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08.12.2017, 13:34
Three goalkeepers who can win matches at EHF EURO 2018
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PLAYERS TO LOOK OUT FOR #1: Niklas Landin, Torbjørn Bergerud and Andreas Wolff are shot-stoppers who are almost sure to make an impact at the Men’s EHF EURO 2018 - and success for their respective teams will largely depend on them
 

Three goalkeepers who can win matches at EHF EURO 2018

With the Men’s EHF EURO 2018 approaching fast, ehf-euro.com presents an eight-part series focusing at the players to look out for in Croatia in January.

This first part puts the spotlight on the goalkeepers.

Niklas Landin, Denmark

It has often been said that if the Danes are to be successful at a major championship, Niklas Landin and Mikkel Hansen will have to be at their best. This is still true, and while we will wait a bit with Hansen, we take a closer look at Landin.

The two-metre tall goalkeeper from THW Kiel will be turning 29 on 19 December, but he has already been playing with the experience of a veteran for several years.

His reactions in one-on-one situations are as impressive as his ability to read the shots from distance. For wingers he is virtually impossible to pass because of his ability to close almost every angle. Getting his leg up at shoulder height to save a shot from close range is among his most legendary qualities.

Being born north of Copenhagen and having started his career at small club KFUM København, his handball career really speeded up at league clubs GOG and Bjerringbro-Silkeborg. There he caught the eye of Rhein-Neckar Löwen, where he played for three years before joining their Bundesliga rivals, THW Kiel, in 2015. At Kiel he has been a crucial player right from the start.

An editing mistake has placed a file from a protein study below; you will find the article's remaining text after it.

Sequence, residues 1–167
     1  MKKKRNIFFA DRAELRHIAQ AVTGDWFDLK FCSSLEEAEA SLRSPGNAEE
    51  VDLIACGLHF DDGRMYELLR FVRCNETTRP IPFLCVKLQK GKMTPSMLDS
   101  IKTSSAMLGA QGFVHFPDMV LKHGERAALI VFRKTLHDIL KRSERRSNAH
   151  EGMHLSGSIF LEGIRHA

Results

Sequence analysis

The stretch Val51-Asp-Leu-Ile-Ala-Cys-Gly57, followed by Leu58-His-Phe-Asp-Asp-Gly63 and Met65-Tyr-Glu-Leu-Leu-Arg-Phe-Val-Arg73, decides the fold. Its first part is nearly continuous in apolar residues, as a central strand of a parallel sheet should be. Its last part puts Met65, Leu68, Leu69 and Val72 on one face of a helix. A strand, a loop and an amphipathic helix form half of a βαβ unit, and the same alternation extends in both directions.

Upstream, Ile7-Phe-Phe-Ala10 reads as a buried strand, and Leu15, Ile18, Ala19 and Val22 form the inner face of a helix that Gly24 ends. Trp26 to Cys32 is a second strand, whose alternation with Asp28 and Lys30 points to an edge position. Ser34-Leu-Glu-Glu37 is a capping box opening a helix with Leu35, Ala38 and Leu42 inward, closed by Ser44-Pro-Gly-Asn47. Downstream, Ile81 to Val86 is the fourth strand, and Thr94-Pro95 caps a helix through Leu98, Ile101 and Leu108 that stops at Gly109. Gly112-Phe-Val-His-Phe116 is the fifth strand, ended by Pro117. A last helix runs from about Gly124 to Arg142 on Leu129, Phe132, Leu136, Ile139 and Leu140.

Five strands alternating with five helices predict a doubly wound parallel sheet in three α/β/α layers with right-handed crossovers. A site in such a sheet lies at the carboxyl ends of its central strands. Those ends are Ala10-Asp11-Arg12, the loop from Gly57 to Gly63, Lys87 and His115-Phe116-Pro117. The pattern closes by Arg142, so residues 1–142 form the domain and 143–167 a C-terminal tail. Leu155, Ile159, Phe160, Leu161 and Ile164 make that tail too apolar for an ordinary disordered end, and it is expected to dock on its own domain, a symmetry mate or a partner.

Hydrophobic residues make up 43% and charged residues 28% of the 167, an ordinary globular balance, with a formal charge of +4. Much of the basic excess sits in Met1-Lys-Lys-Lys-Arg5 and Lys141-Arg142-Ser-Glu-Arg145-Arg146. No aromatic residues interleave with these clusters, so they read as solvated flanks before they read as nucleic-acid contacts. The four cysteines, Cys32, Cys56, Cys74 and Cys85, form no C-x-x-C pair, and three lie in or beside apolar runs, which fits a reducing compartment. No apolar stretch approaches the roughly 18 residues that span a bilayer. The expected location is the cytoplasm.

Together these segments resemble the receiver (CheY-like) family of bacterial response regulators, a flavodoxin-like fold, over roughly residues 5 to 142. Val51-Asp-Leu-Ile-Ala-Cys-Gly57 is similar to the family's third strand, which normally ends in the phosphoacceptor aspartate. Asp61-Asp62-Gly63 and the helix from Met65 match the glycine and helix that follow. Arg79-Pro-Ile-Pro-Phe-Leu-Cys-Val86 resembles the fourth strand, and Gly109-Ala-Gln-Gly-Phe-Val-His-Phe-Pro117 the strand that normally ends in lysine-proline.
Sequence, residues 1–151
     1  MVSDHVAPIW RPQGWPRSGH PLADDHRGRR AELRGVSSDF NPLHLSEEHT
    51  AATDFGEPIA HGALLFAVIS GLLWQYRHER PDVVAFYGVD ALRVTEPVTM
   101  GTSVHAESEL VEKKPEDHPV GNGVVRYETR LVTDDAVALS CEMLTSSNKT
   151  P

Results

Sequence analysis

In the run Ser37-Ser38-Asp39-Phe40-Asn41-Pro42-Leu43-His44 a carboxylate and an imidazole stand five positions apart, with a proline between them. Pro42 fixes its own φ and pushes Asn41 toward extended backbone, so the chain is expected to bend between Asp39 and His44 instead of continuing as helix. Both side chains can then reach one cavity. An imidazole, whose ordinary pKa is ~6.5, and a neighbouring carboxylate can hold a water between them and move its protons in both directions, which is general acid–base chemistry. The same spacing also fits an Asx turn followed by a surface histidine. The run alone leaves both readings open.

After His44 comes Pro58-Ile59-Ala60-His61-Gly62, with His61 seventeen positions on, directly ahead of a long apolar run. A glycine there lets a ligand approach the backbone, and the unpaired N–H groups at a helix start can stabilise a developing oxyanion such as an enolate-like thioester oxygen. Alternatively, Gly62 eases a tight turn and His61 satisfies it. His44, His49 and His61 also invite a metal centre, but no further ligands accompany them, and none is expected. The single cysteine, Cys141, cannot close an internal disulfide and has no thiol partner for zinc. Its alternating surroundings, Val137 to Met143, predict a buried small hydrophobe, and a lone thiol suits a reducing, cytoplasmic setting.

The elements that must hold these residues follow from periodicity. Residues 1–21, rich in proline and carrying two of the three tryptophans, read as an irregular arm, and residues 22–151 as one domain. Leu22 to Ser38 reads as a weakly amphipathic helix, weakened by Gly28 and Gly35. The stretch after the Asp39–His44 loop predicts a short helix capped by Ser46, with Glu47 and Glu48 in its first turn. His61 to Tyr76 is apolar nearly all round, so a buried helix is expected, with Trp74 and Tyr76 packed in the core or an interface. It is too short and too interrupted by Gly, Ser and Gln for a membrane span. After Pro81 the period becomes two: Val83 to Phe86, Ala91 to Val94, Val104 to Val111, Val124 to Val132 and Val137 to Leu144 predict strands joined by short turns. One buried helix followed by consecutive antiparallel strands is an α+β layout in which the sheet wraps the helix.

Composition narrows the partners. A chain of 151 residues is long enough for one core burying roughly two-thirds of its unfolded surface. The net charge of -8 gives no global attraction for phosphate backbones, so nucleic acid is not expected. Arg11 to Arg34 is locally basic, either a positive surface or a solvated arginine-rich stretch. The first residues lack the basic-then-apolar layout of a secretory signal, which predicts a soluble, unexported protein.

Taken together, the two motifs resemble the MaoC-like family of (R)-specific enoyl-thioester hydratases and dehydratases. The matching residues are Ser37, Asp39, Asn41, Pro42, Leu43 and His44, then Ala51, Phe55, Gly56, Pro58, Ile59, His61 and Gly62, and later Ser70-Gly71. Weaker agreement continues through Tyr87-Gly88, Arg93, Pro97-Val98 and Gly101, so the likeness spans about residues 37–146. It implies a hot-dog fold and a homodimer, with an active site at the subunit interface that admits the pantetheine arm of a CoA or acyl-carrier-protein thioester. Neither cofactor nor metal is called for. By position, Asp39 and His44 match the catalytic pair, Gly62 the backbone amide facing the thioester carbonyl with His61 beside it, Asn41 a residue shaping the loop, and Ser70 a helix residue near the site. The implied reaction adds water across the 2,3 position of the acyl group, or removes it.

Next season he will get his younger brother, left wing Magnus, as a teammate. We can all – except maybe for Denmark’s opponents – look forward to Landin’s acrobatic saves in Croatia.

Torbjørn Bergerud, Norway

Having good goalkeepers is a long-standing Norwegian tradition. Starting with Steinar Ege and continuing with Ole Erevik and Espen Christensen, the current first-choice goalkeeper for national coach Christian Berge is Torbjørn Bergerud.

Although he is still just 23, Bergerud has already reached international top level, which he has proven on many occasions in competitive matches for Norway. At the World Championship 2017 in France he had his international breakthrough, and he played a crucial role in Norway’s sensationally run to the silver medal.

Already at the age of 20, he left the club of his youth, Drammens HK, to move east to Lugi HF, in the Swedish university town. The following season he joined Danish TTH Holstebro.

His performances for Norway in particular prompted SG Flensburg-Handewitt to make him and Holstebro an offer they both could not refuse. So from next season, Bergerud will be guarding the goal for the Northern-German top club.

His nearly two-metre height, his way of reading the shooters, and his positioning for shots from nearly any angle are his greatest assets. If young Bergerud reaches his top level – which he does very often – Norway can get far in Croatia.

Andreas Wolff, Germany

Nicknamed ‘Der Handball-Wolff,’ the 26-year-old THW Kiel goalkeeper is just as crucial to Germany as Landin and Bergerud are to Denmark and Norway.

Having started to play handball at the age of five, Andreas Wolff’s career has been going steeply upwards since the EHF EURO 2016 in Poland, where he was instrumental to Germany’s winning run to the title. Wolff was particularly outstanding in Germany’s 24:17 win over Spain in the final, but had showed his high level already throughout the tournament and he made it into the EHF EURO All-star team.

His performances in Poland in January 2016 helped him earn a transfer from HSG Wetzlar to Bundesliga rivals Kiel a few months later. Wolff’s biggest – and probably only – problem is that he is sharing the goalkeeper position at Kiel with no one else than Niklas Landin.

A keeper of his level needs to be first choice, and Andreas Wolff will expect to become just that when he joins PGE Vive Kielce in the summer of 2019. If the ‘Bad Boys,’ as Germany’s national team is nicknamed, are going to be successful again in Croatia, Andreas Wolff will have to reach his peak once more.


TEXT: Peter Bruun / ew / ts
 
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